This week we meet Lev Dolgachov, a tireless photographer bursting with energy who has setup an efficient production workflow with a lot of success.
We are very happy to welcome him in our series and read on if you want to know why you should leave your comfort zone!
Discover his portfolio here.
Thank you very much for participating in our series of Stock Performer customer interviews!
Thank you for inviting!
Tell us, where do you live and where are you from? Is that where you produce your photography?
Syda Productions is based in Tallinn, Estonia, Northern Europe. Naturally, that’s where we produce mostly everything at this moment.
When did you discover your interest in photography?
I believe it was in 1985, maybe 1986, as a hobby. Ever since i kept coming back to photography over and over some way, until it finally became a business for me several years ago.
How did you find microstock and why did you get involved? Has it changed your life?
As a hobbyist, I never considered my work having any commercial value. Microstock changed this forever. I sold my existing business then and dedicated myself 100% to the photography business.
Thank you for image! What inspired you to take this picture?
It was actually a fashion shoot. Model released, but I did not really intend to get a lot of stock worthy pictures. It was something that should have ended as another magazine editorial. So this particular picture was a part of an editorial showing Tallinn under different angles, where every picture had some famous place feeling. I think this picture was “New York”.
We didn’t care about superb technical quality at the first place, it didn’t matter much. I believe I used ISO3200 and a long exposure here. Then Alexander, one of our team members, who is a retoucher, played a bit with Photoshop, cropped the original, changed colors and we’ve got what you see. Nice picture with 4Mp size and ISO3200 noise. Something that should never be accepted on stock sites.
When we submitted it for sale, I never believed it would pass the initial inspection. Well, it did. Everywhere! And we see it everywhere in the media now, including major brand commercials and every possible sort of apparels. Designers just love it.
What does this image’s revenue chart tell you?
Sustainable sales for 3 years. You can notice a peak on the red line. That’s when this picture was free image of the week on Shutterstock. Those are not free downloads though – it was extremely popular with regular sales the very same week, thanks to good publicity.
Did you expect such a revenue chart? Are you happy with it?
We are always happy with pictures that have sustainable high sales over a long time. Of course, we are absolutely happy with the performance of this image.
The microstock market is huge. How do you analyse the market? Is it an important part of your workflow?
Yes, it’s one of the most important parts of the process. Producing stock involves a lot of mathematics and statistics. You should be more than familiar with RPI’s, RPD’s, STR’s etc. You should know what the market wants. You should know what your competitors do. If you intend to be a leader, you should analyze everything 24/7. Be as much an “industry insider” as possible.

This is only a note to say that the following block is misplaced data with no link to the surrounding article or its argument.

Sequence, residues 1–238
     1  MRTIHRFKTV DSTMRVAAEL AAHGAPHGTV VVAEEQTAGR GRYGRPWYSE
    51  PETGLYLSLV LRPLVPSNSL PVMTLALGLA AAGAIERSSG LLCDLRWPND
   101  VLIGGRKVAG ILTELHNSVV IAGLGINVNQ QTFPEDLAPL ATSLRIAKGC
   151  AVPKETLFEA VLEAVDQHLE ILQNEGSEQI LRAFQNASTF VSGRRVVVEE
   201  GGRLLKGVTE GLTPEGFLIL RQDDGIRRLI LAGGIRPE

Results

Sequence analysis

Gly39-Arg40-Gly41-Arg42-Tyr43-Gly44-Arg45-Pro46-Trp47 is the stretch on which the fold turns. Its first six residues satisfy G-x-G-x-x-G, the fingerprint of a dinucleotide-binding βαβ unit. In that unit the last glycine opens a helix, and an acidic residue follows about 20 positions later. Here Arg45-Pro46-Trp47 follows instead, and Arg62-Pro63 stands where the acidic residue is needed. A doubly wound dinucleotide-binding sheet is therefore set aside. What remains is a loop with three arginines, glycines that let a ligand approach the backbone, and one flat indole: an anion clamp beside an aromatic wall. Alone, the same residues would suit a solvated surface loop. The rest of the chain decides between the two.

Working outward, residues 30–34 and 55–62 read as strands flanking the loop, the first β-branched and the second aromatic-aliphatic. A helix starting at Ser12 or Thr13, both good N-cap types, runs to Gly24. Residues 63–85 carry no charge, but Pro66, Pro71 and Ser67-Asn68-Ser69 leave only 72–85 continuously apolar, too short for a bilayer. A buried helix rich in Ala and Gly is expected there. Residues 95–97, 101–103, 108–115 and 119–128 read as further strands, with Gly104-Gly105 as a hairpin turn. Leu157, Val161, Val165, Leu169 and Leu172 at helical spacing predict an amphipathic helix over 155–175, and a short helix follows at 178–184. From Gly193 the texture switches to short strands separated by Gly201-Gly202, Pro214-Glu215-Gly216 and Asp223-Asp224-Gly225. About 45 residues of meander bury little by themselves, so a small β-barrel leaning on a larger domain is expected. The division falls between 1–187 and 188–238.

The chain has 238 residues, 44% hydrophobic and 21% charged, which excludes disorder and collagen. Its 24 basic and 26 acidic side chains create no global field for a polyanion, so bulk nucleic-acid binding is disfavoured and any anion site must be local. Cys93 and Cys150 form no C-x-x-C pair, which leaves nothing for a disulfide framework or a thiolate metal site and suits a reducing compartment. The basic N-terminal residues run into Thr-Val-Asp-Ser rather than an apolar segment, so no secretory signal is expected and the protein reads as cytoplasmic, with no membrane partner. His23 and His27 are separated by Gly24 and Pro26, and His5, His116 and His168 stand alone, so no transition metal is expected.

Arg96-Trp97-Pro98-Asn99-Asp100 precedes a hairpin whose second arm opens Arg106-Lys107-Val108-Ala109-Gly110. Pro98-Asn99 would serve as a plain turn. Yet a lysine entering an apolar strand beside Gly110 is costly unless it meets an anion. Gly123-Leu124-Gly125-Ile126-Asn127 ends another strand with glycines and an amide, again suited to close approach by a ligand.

To make an internal analysis and check the performance of our shoots we use Stock Performer. Our large amounts of data does sometimes push Stock Performer to it’s limit!
Do you believe in “quantity” or “quality”? What is most important for you and why?
Commercial value. Period. Quantity and quality are just multiplicators. Commercial value is king.
What does your typical production process look like?
Long story short, it’s “Analyze – Plan – Shoot – Edit – Submit”. No rocket science. Still needs a lot of effort and a lot of teamwork in most stages.
Would you recommend photographers to take risks and invest in employees or assistants, or outsource, to help them in their production process?
It’s always hard to justify if it’s worth for someone else to take the risk and invest. Once we’ll be ready to give investing advice, we’ll start an investment advice consulting business.
But since you ask, I would say : “If you already have a good background in business building, you can give it a try. If you’re not, this industry is not the safest playground for learning. Not any more. Chances are, you will most likely fail.”
For me, personally, building a team was worth it. I think the greatest value of our company is its team. I would never be able to have go alone to where we are now and where we are planning to go soon. I believe we have an amazing team. I’m lucky.
Where do you think the stock photography business is going? How do you see the next years?
Exciting and relentless times are ahead. Tough competition on the high-end level. Demotivatingly decreasing revenues on the lower-end.
What is your advice to remain a successful stock photographer in upcoming years?
Have no mercy. At the very first to yourself. Forget about the idea of a “comfort zone”. There is no comfort zone in the microstock industry any more. Expect the best but always be prepared for the worst.
Tell us, when you are not doing photography, how do you relax and enjoy your free time?
Business is always on my mind, even when relaxing. Free time? Well, self-education, sports car racing, playing punk rock on my guitar, travelling. Go name it all.
I mostly tend to enjoy strange things, like wandering around the darkest streets of Shanghai in the night, eating fish eyeballs in Tokyo’s most hidden place, voluntarily spending a week in the strangest blocks of Brooklyn or swimming with pigs (check youtube for swimming pigs in Exuma, it’s real fun). So, mostly travel and all sorts of adventures.
Thank you very much for your time, it was a pleasure talking to you!
The pleasure is mine. Thank you!
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